I always take it as a sign of a great read when I’ve never read anything by the author beforehand and then find myself checking out their other titles and thinking about reading them before I’ve finished the book in question. This was my first Matt Cain read, and I’m so grateful to NetGalley for giving me the opportunity to read and review this. It certainly won’t be my last!
A coming-of-age story with a difference. Tender, heartwarming and genuinely laugh-out-loud funny, Becoming Ted is a story that needs to be told.
Ted works in his family’s ice-cream business. He hates ice-cream. He has been happily (he thinks) married for decades and is shocked when his husband says he’s found another man and wants to split up. Such a period of upheaval would derail most people, but this begins a period of growth where Ted reflects on himself and his relationships before starting to live a life true to himself.
We follow Ted as he learns what makes him happy, finds a new love and works out what to do about his family and the pressure he feels to stay in a business he hates.
There’s a large assortment of characters, a thoughtful examination of attitudes to homosexuality over time and an interesting insight into the process of drag. Occasionally some events/interactions seem a little contrived, but this was a story that it’s hard not to open your heart to. Is it wrong to say I’d love to see this as a movie?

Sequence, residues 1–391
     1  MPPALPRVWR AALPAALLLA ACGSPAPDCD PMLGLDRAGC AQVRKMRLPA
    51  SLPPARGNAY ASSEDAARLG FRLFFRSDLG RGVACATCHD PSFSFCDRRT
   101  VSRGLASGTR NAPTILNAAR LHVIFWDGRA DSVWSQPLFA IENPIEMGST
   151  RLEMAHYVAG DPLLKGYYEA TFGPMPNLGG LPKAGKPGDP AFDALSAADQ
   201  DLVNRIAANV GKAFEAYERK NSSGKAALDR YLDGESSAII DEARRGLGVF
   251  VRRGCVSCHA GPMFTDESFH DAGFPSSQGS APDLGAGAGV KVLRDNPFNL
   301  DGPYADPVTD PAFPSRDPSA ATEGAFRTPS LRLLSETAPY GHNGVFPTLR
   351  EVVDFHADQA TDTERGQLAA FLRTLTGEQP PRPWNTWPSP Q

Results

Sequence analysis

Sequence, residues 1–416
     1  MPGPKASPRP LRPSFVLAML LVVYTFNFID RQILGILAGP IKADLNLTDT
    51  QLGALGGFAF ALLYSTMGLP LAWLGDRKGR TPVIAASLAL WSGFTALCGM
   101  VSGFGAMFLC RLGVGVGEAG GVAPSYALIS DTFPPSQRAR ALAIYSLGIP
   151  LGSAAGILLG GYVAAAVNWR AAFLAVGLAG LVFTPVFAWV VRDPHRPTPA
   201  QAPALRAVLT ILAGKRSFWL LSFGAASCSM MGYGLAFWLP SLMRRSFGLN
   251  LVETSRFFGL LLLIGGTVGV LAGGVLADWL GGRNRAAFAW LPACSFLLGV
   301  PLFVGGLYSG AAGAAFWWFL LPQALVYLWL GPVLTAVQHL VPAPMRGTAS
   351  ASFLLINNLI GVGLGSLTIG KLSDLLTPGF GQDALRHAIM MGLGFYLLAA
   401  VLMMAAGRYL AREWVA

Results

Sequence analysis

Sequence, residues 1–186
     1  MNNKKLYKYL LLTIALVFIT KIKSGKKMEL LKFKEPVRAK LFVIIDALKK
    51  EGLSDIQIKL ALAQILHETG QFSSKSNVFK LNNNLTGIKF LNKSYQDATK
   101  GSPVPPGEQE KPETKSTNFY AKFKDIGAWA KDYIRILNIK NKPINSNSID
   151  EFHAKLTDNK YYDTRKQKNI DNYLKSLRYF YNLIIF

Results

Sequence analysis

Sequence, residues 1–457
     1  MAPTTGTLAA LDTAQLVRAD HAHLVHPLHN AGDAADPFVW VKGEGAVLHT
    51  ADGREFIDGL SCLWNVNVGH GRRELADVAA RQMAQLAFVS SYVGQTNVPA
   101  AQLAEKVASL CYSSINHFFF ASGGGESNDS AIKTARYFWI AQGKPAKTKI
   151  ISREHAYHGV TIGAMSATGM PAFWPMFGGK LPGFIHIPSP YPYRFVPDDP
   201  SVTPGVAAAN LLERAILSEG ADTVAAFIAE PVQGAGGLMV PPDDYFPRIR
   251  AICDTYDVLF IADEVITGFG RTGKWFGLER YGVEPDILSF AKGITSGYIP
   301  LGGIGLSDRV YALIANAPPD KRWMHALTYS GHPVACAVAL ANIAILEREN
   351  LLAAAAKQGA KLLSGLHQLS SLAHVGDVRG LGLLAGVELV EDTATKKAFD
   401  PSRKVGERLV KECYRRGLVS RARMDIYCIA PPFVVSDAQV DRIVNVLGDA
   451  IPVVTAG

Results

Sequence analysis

I’m very aware that as someone who doesn’t read graphic novels, I may be missing something here. Certainly, reviews of this are glowing…so perhaps I’m just not quite the right reader for this book right now.
The story focuses on Deja and Josiah, friends who spend every Halloween working in the same pumpkin patch. For the last three years Josiah has had a crush on the girl who works in the fudge shop, but he’s never spoken to her. On their last night, Deja gets it into her head that she will help Josiah to get his girl.
We follow them round the pumpkin patch as they try to find the mystery girl. What becomes clear very early on is that these two are great together…so I wonder why it takes so long for there to be any acknowledgment of their evident mutual attraction.
I liked the colour scheme for this and the pictures had a certain cuteness to them, but the whole thing just felt a little twee. The characters could have made things a whole lot easier for themselves by actually having a conversation. On the whole, this won’t be enough to convince me that graphic novels are the way to go.
I feel awful as I loved book one so much, and this just felt like overkill.
Ben and Arthur are not together, they each have new boyfriends (of sorts) and they are moving on with things…and then events conspire to have both of them back in New York for the summer. They meet up to show how much they’ve moved on – and it’s painfully clear that they haven’t at all.
The majority of the book sets them up on a number of double dates or meet-ups with new partners and friends, but each occasion offers a reminder of their past in some way. Nobody calls them out on it, but it’s pretty obvious that each is holding something back because they haven’t quite got over their past.
For most of the book it felt like I was reading a collection of scenes rather than a cohesive narrative. Things shift into predictable territory near the end, and I’m afraid that I found myself thankful that it would all draw to a close soon. Much as I wanted to love this, I couldn’t help but feel this book stemmed from a desire to do-over decisions made in the past, which were made for a reason. Sometimes it’s best not to look back!